GENEVA, November 26 (RIA Novosti) – Syrian President Bashar Assad will not attend a peace conference in Geneva in January dedicated to ending the nearly three-year-long Syrian civil war, which has killed more than 100,000, a senior Russian diplomat said Tuesday.
“The conference will open at a foreign minister level. Logically, the [Syrian] government’s delegation should be headed by Foreign Minister Walid Muallem,” Russian Deputy Foreign Minister Mikhail Bogdanov told reporters after a meeting about Syria between Russian, US and UN officials in Geneva.
“The presidents are not going to come,” he said.
On a request from United Nations special envoy on Syria Lakhdar Brakhimi, the final lists of delegates from the Syrian government and the opposition forces are due to be approved by the end of this year.
UN Secretary General Ban Ki-moon said Monday that the long-delayed peace conference, initially announced in May, would begin on January 22, 2014. The talks have been repeatedly postponed because the warring sides have been unable to agree on preconditions and the list of participants.
Bogdanov said the conference would begin with a plenary session for the about 30 participating countries, under the chairmanship of the UN leader. Negotiations are still under way to decide whether Iran and Saudi Arabia should be invited to take part in the conference.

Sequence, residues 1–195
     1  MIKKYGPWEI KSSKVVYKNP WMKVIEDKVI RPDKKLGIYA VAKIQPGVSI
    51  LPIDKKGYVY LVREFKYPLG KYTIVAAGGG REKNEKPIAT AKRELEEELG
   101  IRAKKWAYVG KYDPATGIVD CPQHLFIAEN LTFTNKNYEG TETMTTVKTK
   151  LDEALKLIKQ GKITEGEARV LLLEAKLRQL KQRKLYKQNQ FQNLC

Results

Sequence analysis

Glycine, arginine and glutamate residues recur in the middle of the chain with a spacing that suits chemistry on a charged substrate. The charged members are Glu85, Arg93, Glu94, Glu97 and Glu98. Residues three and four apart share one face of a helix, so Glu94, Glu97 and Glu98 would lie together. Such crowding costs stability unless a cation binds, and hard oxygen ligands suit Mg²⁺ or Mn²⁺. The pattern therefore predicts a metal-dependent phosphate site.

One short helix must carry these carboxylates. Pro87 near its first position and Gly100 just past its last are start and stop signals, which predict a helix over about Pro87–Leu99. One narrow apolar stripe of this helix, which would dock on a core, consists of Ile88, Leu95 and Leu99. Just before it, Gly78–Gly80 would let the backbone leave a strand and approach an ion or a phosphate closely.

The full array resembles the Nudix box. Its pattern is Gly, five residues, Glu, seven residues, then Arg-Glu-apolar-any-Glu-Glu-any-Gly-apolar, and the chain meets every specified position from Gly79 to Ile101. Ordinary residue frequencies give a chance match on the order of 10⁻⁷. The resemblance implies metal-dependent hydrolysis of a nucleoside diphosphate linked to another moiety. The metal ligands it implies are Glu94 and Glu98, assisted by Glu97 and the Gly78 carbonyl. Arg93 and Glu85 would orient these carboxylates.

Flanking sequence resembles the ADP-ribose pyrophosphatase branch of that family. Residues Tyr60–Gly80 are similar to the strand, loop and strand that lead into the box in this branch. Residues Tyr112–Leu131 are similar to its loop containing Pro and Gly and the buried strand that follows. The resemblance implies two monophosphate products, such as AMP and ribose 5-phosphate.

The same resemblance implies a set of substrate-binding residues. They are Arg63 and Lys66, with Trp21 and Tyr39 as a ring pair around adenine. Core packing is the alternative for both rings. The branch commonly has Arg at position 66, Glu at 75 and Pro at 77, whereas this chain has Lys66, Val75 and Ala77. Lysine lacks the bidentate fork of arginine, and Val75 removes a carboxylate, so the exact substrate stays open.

“The initiators of this conference – Russian Foreign Minister Sergei Lavrov and US Secretary of State John Kerry – will deliver speeches followed by statements from delegations of Syria and other states,” he said.
Direct negotiations between the Syrian government and the opposition factions, mediated by Brakhimi, are scheduled to begin on January 23. The final day of the conference has not been set.
Bogdanov said a preparatory meeting is due on December 20 and would together five permanent Security Council members (Russia, the United States, China, France and the United Kingdom), the UN and four of Syria’s neighbors (Turkey, Lebanon, Jordan and Iraq).
“It is possible that inter-Syrian agreements might require the approval of not only the Geneva-2 plenary meeting, but also of the UN Security Council,” he said, adding that the decisions that next year’s conference is expected to produce might possibly require international assistance regarding its financial, security and political aspects.